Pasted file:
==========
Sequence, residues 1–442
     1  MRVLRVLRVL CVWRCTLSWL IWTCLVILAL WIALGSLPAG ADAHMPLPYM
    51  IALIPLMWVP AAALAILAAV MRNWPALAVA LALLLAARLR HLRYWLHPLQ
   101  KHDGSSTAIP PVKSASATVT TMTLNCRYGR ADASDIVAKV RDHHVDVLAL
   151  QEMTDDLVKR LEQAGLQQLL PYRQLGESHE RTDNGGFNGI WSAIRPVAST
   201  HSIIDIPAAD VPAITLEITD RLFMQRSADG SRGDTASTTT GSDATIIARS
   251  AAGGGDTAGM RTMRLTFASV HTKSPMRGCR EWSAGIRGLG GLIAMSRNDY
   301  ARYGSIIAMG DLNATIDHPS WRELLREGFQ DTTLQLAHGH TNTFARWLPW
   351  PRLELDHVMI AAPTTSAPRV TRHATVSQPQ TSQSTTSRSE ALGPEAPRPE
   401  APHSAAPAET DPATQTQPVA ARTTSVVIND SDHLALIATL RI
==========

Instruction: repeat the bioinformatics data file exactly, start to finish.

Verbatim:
Sequence, residues 1–442
     1  MRVLRVLRVL CVWRCTLSWL IWTCLVILAL WIALGSLPAG ADAHMPLPYM
    51  IALIPLMWVP AAALAILAAV MRNWPALAVA LALLLAARLR HLRYWLHPLQ
   101  KHDGSSTAIP PVKSASATVT TMTLNCRYGR ADASDIVAKV RDHHVDVLAL
   151  QEMTDDLVKR LEQAGLQQLL PYRQLGESHE RTDNGGFNGI WSAIRPVAST
   201  HSIIDIPAAD VPAITLEITD RLFMQRSADG SRGDTASTTT GSDATIIARS
   251  AAGGGDTAGM RTMRLTFASV HTKSPMRGCR EWSAGIRGLG GLIAMSRNDY
   301  ARYGSIIAMG DLNATIDHPS WRELLREGFQ DTTLQLAHGH TNTFARWLPW
   351  PRLELDHVMI AAPTTSAPRV TRHATVSQPQ TSQSTTSRSE ALGPEAPRPE
   401  APHSAAPAET DPATQTQPVA ARTTSVVIND SDHLALIATL RI